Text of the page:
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[en] We describe percutaneous, translumbar placement of a 14-Fr dialysis catheter into an ascending lumbar vein to achieve tip position in an enlarged azygos vein. The patient had thrombosis of all traditional vascular sites, as well as the inferior vena cava. This catheter functioned well for 7 months before fatal catheter-related infection developed.
[en] Purpose: To report our experience with mechanical thrombectomy in proximal deep vein thrombosis (DVT).Methods: Eighteen patients with a mean (±SD) age of 37.6±16.1 years who presented with DVT in the iliac and femoral vein (n=3), inferior vena cava (n=5), or inferior vena cava and iliac vein (n=10), were treated with the Amplatz Thrombectomy Device after insertion of a temporary caval filter.Results: Successful recanalization was achieved in 15 of 18 patients (83%). Overall, the percentage of thrombus removed was 66±29%: 73±30% at caval level and 55±36% at iliofemoral level. Complementary interventions (seven patients) were balloon angioplasty (n=2), angioplasty and stenting (n=2), thrombo-aspiration alone (n=1), thrombo-aspiration, balloon angioplasty, and permanent filter (n=1), and permanent filter alone (n=1). There was one in-hospital death. Follow-up was obtained at a mean of 29.6 months; three patients had died (two cancers, one myocardial infarction); 10 had no or minimal sequelae; one had post-phlebitic limb.Conclusion: Mechanical thrombectomy is a potential therapeutic option in patients presenting with proximal DVT.
[en] The purpose of this paper is to describe a unique 'eighth note' deformity of the autogenous radiocephalic fistula for hemodialysis and to retrospectively evaluate the efficacy and safety of its endovascular treatment. Over 3 years, a total of 808 patients and 558 autogenous radiocephalic fistulas were treated for vascular access dysfunction or thrombosis. These included 14 fistulas in 14 patients (9 men, 5 women; mean age, 58.2 ± 2.8 years; range 27-79 years) whose fistulograms before treatment resembled a musical note, the eighth note. Endovascular treatment sought to remodel the deformed vascular access to a classic radiocephalic fistula and increase the number of cannulation sites available for hemodialysis. The technical and clinical success rates were each 92.8% (13/14). Fistula remodeling was successful in 13 patients. The postintervention primary patency was 100% at 90 days, 91.7 ± 0.8% at 120 days, 78.6 ± 13.9% at 180 days, 62.9 ± 17.9% at 360 days, 31.4 ± 24.0% at 540 days, and 0% at 720 days. The postintervention secondary patency was 100% at 90 days, 100% at 120 days, 100% at 180 days, 85.7 ± 13.2% at 360 days, and 85.7 ± 13.2% at 720 days. No major complications were noted. Minor complications were found in 71.4% of patients, all of which resolved spontaneously. In conclusion, endovascular treatment of fistulas with the eighth note deformity can effectively increase the number of available cannulation sites, facilitate fistula maturation, and facilitate thromboaspiration after fistula thrombosis.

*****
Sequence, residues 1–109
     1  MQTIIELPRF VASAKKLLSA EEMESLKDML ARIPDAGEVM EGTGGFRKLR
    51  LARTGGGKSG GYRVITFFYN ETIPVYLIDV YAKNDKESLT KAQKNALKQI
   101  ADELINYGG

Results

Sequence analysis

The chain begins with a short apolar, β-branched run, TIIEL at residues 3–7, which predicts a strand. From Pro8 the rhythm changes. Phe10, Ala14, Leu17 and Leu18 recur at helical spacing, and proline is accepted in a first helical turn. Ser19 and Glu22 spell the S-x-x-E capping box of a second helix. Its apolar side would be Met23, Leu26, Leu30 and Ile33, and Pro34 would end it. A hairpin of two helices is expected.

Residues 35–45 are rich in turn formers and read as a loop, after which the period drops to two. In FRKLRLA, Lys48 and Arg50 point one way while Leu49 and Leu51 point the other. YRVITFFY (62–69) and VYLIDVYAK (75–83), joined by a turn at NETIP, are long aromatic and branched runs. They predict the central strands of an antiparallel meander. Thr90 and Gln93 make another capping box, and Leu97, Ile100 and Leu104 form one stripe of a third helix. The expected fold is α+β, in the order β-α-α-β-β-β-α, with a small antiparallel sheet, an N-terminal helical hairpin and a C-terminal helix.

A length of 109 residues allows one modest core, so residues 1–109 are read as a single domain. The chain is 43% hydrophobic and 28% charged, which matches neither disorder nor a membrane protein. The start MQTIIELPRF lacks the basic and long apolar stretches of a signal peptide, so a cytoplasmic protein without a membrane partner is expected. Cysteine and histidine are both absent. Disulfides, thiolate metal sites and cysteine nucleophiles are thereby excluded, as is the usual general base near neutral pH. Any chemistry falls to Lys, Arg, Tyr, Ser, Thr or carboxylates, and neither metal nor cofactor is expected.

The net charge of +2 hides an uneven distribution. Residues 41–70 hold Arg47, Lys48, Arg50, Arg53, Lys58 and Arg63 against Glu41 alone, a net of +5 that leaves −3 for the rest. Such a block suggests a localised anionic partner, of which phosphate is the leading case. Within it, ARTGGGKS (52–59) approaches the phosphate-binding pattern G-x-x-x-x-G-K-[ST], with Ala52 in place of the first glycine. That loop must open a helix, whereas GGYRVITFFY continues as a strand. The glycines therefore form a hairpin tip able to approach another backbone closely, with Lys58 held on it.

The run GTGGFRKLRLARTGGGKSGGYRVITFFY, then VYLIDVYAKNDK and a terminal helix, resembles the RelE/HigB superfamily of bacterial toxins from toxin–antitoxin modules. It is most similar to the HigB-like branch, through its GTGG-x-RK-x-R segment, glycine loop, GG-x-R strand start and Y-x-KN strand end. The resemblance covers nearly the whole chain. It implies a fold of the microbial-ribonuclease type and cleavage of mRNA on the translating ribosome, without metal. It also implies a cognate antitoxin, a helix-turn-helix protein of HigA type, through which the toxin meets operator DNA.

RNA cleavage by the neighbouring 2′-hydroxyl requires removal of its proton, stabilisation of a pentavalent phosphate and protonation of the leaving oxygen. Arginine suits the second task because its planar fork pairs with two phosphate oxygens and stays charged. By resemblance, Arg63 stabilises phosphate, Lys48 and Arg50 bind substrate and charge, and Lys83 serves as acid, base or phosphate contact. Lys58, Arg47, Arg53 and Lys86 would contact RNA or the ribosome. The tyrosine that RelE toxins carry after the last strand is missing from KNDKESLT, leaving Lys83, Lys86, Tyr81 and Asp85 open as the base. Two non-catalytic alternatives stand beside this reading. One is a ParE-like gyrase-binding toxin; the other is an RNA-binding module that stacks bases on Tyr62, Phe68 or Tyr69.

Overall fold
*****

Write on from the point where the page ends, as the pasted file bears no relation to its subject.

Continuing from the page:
[en] Colorectal carcinoma (CRC) is the third most common type of cancer and the second most leading cause of death. The combination of cytostatics (irinotecan, oxaliplatin, and fluorouracil) and monoclonal antibodies (bevacizumab, cetuximab or panitumumab) represents the standard first-line treatment of metastatic CRC (mCRC). The objective of this case report is to mediate an experience with a mCRC patient treated with bevacizumab, oxaliplatin, and fluorouracil (5-FU) with a partial response after three and six months. Neurotoxicity and neutropenia were noticed side effects. Oxaliplatin was excluded due to neurotoxicity and 5-FU dose reduced due to neutropenia Venous thrombosis in the right axillary vein developed during bevacizumab therapy. The patient is being continued with bevacizumab and 5-FU after nine-month treatment when the disease is stable. (author)